Again, resource pages like this aren’t worth your time. As soon as you see that a page isn’t likely to link to you, I recommend deleting it from your prospects so you can focus on more realistic targets.
Use a Mix of Broad and Specific Searches
That way, you can find lots of resource pages that might want to add your link.
For example, let’s say you run a Paleo diet blog.
Search strings like “Paleo” inurl:links will bring up a decent chunk of pages:
But don’t stop there.
You also want to mix in some BROAD keywords (like “nutrition”, “health” and “fitness”) that also describe your content:
That way, you cast a wide net.
Email The Person That Manages The Page
This is a biggie.
Whenever someone tells me: “I emailed a site but never heard back” I always ask WHO they emailed.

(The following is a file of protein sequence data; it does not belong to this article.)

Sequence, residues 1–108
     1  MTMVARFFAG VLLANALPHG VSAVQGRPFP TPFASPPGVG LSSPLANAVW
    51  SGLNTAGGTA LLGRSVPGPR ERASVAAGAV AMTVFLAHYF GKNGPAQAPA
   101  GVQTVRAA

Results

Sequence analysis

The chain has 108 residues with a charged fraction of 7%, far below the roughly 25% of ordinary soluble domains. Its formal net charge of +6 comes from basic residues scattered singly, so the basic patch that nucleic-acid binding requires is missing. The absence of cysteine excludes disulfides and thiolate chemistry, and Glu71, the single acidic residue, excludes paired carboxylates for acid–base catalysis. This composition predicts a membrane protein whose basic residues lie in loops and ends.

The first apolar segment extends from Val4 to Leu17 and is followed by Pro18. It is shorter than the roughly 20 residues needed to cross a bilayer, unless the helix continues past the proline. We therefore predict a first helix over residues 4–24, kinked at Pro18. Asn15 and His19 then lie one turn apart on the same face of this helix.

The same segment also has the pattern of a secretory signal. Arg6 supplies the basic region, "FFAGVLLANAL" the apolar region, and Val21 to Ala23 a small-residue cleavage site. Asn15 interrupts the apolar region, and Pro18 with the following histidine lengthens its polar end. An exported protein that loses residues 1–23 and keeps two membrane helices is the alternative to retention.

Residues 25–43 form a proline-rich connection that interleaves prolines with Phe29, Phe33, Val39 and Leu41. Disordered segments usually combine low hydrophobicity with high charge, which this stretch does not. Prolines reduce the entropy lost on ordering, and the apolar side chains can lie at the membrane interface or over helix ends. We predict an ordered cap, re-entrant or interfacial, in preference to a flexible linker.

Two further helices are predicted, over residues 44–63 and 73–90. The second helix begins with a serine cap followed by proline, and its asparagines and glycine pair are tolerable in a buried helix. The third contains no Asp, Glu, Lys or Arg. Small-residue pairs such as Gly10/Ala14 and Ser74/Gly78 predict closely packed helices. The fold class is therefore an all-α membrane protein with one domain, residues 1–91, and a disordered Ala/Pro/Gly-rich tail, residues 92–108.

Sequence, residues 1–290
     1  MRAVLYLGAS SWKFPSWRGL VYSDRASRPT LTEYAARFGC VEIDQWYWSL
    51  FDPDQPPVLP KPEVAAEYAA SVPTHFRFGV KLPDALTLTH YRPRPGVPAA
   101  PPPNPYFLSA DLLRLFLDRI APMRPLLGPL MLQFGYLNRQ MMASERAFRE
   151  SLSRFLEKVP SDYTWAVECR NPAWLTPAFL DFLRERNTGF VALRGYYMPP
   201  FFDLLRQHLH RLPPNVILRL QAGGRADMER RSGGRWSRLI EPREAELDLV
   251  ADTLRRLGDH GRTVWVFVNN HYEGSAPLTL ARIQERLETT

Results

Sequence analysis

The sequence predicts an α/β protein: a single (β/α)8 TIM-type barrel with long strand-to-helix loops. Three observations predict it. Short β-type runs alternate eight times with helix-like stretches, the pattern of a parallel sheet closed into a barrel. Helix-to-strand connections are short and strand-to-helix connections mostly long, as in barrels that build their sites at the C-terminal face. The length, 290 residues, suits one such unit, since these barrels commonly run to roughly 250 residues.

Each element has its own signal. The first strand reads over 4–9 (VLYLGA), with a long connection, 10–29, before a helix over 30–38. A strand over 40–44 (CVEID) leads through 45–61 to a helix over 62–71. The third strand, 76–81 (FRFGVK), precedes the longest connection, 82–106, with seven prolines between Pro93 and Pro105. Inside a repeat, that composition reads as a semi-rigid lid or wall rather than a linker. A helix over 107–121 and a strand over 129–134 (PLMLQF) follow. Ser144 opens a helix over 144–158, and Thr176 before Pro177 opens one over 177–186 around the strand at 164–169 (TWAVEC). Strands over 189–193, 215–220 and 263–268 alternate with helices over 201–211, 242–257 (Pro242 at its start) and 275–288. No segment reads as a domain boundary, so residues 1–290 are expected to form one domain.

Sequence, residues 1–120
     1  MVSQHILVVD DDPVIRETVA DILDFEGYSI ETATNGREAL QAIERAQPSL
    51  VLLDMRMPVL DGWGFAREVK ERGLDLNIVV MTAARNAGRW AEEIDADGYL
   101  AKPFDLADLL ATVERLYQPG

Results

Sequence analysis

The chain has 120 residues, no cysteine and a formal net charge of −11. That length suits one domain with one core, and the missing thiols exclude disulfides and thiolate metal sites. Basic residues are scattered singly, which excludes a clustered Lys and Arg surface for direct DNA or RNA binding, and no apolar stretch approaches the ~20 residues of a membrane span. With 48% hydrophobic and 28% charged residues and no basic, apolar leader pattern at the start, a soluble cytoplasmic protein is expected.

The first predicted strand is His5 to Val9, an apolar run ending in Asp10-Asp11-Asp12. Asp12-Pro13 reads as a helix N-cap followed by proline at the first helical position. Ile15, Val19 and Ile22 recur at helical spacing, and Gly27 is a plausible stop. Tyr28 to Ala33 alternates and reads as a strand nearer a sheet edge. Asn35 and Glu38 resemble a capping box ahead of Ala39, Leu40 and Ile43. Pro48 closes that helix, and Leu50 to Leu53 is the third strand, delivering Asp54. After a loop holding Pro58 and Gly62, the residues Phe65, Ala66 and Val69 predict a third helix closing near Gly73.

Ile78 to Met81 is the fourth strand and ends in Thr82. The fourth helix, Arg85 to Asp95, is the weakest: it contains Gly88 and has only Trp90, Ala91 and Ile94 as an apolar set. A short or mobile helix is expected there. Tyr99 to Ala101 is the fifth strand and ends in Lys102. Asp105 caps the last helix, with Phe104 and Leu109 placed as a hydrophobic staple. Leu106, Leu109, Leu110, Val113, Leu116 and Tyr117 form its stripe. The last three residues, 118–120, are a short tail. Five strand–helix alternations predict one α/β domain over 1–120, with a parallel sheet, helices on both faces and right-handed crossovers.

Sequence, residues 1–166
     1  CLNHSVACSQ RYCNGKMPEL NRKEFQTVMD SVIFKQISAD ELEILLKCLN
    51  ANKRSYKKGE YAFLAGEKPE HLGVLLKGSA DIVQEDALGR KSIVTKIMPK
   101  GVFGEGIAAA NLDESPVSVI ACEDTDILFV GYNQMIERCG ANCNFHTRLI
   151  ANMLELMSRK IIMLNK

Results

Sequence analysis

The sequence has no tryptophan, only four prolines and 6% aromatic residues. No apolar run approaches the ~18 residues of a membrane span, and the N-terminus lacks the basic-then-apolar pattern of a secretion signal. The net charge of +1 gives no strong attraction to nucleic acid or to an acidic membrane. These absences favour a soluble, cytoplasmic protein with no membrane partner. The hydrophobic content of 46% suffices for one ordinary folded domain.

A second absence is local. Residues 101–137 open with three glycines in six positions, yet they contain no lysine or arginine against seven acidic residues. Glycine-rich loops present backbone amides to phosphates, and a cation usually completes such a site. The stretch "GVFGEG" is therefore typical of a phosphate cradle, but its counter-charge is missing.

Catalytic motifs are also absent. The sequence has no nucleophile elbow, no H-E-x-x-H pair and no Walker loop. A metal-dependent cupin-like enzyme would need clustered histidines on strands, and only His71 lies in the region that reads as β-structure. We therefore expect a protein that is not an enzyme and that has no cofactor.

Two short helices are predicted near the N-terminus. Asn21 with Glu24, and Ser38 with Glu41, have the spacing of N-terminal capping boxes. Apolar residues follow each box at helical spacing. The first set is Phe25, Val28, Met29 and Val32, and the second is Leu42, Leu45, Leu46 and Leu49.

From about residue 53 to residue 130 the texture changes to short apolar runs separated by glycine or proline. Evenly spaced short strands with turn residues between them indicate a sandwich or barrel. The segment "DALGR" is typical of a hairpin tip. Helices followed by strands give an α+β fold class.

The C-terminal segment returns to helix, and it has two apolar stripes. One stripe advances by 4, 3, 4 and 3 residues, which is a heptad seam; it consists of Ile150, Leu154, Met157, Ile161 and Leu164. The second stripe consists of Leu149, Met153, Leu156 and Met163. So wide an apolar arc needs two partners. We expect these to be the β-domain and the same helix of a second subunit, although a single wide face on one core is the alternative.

It makes a big difference.
For example, check out this resource page on the Rutgers University website:
Well, if you want someone to add your link to that page, you need to contact the right person.
Specifically, the person that runs and manages that page.
In this case, there’s no “Submit resource” link.
So you need to do some digging.
I went to the site’s directory page, and found that department’s “Business Librarian/Information Literacy Coordinator”.
That’s the person you want to get in touch with.
Otherwise, if you send your message through the dreaded contact form, you’re toast.
Make It Easy to Add Your Link
Don’t make the person think about where your link makes sense on their page.
Instead, give them a specific area of the page where your link should go.
For example, take a look at this resource page.
Well, my site would be perfect for this section of the page:
To be clear: not every resource page is broken up into little sections like this one.
But if you do see a section where your link would be a slam dunk addition, don’t be afraid to point that out.